Vancouver Playhouse International Wine Festival 2011
Returning to the Vancouver Playhouse International Wine Festival after being out of the country during the previous two has been an educational experience. When I first attended the festival in 2007 my interest in wine was fledgling and the festival was an exciting opportunity to taste a huge range of wines that would otherwise take years to sample.
Today I see the wine festival in an entirely different light. Very few wineries are of particular interest and most of them are large corporate wineries or offer only their entry level wines to the average consumer. Of course, it is always possible to sweet talk the principals and prompt them to reach under the table for something special. In fact, it is the presence of the principals more than the access to interesting wine that makes this festival stand out. I was fortunate enough to meet Alvaro Palacios, for instance, which isn’t something you get to experience at most wine events.
While I used to be overwhelmed at the variety of wine fest, these days it has become harder to become as excited at the main event. This speaks more to the fact that I have now tasted a very large and diverse number of wines than to the quality of the festival. And, even though I am fairly jaded I did manage to find a couple exciting wineries at the fest that are most certainly worth sharing.
The first was Sacred Hill from New Zealand’s Hawke’s Bay – a winery making some fantastic stuff in its high end series. I found the Rifleman’s 2009 Chardonnay an excitingly dense and balanced chard built for aging rather than immediate enjoyment. While it was closed when I tasted it, the raw material was of exceptional quality and the structure and balance to the wine promised this would become something special in a couple years. It was neither a big opulent New World chard nor a minerally old world one. Rather, it had its own uniqueness that combined rich but restrained fruit with a round and fresh palate.
Their Deer Stalker 2007 Syrah made more than a few mouths happy in the little group I was tasting with. This is a dense tannic Syrah that is meaty, peppery and floral but is also a very clean very well made wine with no signs of Brett. Again, like the chard this was particularly unique, being neither typical new world nor typical old world. In an attempt to provide some context, the wine seemed somewhat like Cornas meets the Pacific Northwest – which was a great thing. Again this will age for another few years or you could drink it now with a good decant.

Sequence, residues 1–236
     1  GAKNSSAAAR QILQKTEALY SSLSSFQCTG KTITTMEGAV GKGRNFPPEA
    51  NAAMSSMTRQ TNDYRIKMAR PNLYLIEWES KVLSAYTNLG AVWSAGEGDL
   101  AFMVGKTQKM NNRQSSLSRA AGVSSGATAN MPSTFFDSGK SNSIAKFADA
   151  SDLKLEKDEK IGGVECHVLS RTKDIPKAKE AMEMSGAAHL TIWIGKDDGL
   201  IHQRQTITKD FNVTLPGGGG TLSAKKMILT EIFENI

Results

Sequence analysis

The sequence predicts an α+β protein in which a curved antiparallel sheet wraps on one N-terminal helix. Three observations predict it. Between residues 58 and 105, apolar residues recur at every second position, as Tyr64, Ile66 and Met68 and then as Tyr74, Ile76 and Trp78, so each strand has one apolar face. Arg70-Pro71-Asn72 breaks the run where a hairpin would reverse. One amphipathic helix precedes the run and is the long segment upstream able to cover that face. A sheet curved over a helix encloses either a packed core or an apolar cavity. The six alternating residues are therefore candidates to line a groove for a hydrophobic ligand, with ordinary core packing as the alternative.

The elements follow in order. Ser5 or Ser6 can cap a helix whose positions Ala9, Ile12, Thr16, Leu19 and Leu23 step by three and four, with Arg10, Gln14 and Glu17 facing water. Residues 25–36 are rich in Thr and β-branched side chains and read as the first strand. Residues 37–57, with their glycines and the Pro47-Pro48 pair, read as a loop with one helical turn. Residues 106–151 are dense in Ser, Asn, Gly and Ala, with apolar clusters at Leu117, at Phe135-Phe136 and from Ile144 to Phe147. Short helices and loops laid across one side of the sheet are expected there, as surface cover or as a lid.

The most exciting whites of the festival were from Austria’s Brundlmayr, which I would imagine most attendees passed over both because of Austria’s obscurity in this market and because they were relegated to a single “Austria” table along with several other producers. The Zabinger Heiligenstein Lyrah Riesling 2007 was one of the best Rieslings I’ve tasted in the last couple years with incredible depth, rich ripe fruit and length unlike most rieslings. In other words, this is serious stuff and well worth the $65 they were charging for it.
The Kaferberg Gruner Veltliner 2009 was perhaps even more impressive than the Riesling, with its richer and fruitier palate. There was plenty of white pepper and a hugely impressive mid-palate. This is the best Gruner I’ve tasted and I was excited to bring a bottle home. So, when I walked into the festival store I was particularly pleased that these wines were nowhere to be seen despite the fact they were the most exciting in the entire festival. They weren’t sold out, they just simply weren’t for sale on the shelves. That sort of thing really pisses me off. But enough of that.
I was also impressed with a Hidalgo single vineyard Manzanilla, but I also could not find that at the festival store. In any case, the Sherry station that the festival set up was a great idea and I was very happy that so many people were exposed to some great sherries. Having been to Jerez there was nothing new I had not already tasted, but both Sean and Graham from Vinifico.com enjoyed the impressive sweet Pedro Ximinez sherries from Williams & Humbert and Valdespino.
I was also excited by the Roquette & Cazes Douro 2006, a joint project between Quinto do Crasto and Chateau Lynch Bages. This wine was feminine and extremely elegant and polished. Like silk on the palate, this is for immediate enjoyment or long term cellaring – a rare combination. The fruit is pure and smooth and the use of oak is at a level that you only really find in the top Bordeaux houses. Truly outstanding stuff.
Thus overall I enjoyed finding the above producers as they made some truly outstanding wines. I did wish there was a little more excitement in the Spanish wines, but the sherry station was a great idea and well executed. I finished the night with a “wine cocktail” made by Jay Jones of Market, which rounded out the evening well.
That rounds out this year’s coverage of the festival. Hopefully next year I’ll be given media credentials to attend the seminars and dinners rather than just the grand tasting so I can report on a few wineries in more detail. The seminars and dinners are usually the best opportunity to sit down and seriously consider the wines and chat with the winemaker rather than the festival crush. So here’s to another year and another festival where even this jaded taster must admit that finding wines like Sacred Hill, Roquette & Cazes and Brundlmayr make it all worth it.